Every year, nearly two million children die from preventable diseases. Pneumonia and diarrhoea (rotavirus) are the two biggest killers, responsible for around 40 per cent of childhood deaths. A simple vaccine could save many of those children’s lives.
Today, donors and representatives from governments and aid agencies are meeting in London to find ways of funding a global immunisation campaign that would make new vaccines available for the world’s poorest children.
By Sarah Oughton
March 31, 2011 at 10:20 am
Two decades ago, a civil war began in Sierra Leone that lasted 11 years. Nine years later, the emotional and physical scars are still evident, particularly for the children who were forced to fight, and their struggle now is to find hope in the aftermath of the conflict.
In the video, you can hear 18-year-old Kalie Kamara's story.
In Senegal and Burkina Faso, more than 200,000 people are now homeless as torrential rains continue to lash down and floods destroy homes, crops and drinking water.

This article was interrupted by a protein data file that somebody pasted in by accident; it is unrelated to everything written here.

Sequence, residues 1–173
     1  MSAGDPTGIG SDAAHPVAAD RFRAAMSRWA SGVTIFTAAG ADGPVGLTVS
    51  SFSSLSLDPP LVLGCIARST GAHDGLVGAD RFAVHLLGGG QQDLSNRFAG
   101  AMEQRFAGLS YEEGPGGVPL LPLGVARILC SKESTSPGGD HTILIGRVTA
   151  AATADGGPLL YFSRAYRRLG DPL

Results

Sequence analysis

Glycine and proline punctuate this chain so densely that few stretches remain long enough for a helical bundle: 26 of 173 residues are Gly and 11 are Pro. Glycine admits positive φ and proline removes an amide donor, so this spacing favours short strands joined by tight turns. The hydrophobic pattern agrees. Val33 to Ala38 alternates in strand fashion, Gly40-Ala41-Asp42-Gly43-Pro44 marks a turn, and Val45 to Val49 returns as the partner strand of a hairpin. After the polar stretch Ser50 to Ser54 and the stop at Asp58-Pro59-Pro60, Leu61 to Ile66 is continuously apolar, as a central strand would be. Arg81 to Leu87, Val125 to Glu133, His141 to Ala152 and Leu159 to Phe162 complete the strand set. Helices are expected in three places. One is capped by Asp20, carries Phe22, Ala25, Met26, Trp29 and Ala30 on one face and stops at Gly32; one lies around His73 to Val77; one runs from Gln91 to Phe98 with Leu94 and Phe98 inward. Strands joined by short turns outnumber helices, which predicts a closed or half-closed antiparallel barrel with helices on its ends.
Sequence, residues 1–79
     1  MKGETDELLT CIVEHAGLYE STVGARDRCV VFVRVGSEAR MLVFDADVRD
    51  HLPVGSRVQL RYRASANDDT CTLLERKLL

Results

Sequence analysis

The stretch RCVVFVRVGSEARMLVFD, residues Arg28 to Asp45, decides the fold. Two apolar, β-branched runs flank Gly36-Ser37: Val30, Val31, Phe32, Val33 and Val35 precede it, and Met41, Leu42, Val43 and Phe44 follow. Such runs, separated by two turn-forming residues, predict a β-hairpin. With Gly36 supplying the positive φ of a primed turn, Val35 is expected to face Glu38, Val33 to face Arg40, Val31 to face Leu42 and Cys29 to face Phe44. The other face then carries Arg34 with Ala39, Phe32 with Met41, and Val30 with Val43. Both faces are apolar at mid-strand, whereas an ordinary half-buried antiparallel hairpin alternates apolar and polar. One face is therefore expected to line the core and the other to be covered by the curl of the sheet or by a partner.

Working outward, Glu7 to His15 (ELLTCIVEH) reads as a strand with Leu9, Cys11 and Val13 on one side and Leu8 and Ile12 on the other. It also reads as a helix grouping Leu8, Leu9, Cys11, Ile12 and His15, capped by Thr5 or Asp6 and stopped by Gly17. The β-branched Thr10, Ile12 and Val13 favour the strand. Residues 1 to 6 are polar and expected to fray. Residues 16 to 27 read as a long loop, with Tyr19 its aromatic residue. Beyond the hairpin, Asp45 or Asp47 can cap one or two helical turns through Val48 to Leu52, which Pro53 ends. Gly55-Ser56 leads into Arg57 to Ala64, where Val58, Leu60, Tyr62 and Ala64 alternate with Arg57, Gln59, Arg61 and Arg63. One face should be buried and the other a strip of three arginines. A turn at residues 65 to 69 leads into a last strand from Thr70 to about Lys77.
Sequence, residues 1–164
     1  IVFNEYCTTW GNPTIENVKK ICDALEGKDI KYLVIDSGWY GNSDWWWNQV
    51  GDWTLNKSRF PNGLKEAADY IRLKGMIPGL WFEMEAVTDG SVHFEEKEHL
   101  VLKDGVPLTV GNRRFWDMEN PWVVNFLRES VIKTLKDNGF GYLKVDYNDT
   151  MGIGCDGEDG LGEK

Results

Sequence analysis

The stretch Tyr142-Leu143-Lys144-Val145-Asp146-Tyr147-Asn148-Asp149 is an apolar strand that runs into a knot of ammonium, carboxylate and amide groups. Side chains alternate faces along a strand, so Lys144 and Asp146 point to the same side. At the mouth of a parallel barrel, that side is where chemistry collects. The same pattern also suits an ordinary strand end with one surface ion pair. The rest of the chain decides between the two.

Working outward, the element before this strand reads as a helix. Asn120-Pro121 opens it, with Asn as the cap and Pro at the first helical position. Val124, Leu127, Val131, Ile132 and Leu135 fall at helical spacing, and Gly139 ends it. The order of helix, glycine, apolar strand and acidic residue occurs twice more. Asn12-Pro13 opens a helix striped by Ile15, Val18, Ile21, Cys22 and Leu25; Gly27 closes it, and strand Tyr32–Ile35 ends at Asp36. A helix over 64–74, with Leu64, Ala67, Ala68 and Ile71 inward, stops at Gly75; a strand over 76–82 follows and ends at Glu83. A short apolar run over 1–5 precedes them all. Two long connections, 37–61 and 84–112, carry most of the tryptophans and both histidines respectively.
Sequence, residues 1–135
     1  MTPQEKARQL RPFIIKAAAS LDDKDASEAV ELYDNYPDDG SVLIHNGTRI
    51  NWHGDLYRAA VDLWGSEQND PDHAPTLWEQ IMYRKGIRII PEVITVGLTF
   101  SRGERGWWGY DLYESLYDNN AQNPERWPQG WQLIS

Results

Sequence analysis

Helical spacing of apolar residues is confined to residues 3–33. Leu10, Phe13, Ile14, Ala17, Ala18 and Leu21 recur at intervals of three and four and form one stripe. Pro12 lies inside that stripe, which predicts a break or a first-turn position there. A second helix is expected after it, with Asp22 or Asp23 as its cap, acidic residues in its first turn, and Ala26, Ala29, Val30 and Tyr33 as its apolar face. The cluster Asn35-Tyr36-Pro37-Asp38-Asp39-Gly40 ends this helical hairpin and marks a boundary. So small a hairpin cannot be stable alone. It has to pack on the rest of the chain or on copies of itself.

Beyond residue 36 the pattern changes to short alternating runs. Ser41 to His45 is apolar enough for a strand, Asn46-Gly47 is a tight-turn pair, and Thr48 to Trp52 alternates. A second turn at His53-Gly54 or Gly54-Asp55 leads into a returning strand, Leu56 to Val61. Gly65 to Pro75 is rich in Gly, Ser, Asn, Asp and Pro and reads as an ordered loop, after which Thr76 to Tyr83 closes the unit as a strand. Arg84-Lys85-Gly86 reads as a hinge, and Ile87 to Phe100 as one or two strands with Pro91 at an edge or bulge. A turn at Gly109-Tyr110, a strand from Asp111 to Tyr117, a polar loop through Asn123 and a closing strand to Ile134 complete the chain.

The International Federation of Red Cross and Red Crescent Societies has launched appeals for Senegal and Burkina Faso and has sent teams to both countries to find out exactly where and what are the needs.
The British Red Cross has released =A358,000 from its Disaster Fund to buy 100 rapid latrines and meet the sanitation needs of 5,000 displaced people in Burkina Faso.
In Ouagadougou, the capital of …
Floods in West Africa are affecting over 400,000 people and the British Red Cross has released =A325,000 to provide relief for badly hit Sierra Leone.
The UN reports that since the rainy season began in June, 159 people have been killed across the region with 103 of these in Sierra Leone.
Pete Garratt, British Red Cross disaster relief manager, said: "The flooding is ongoing with a high level of rainfall predicted to continue over the next couple of weeks.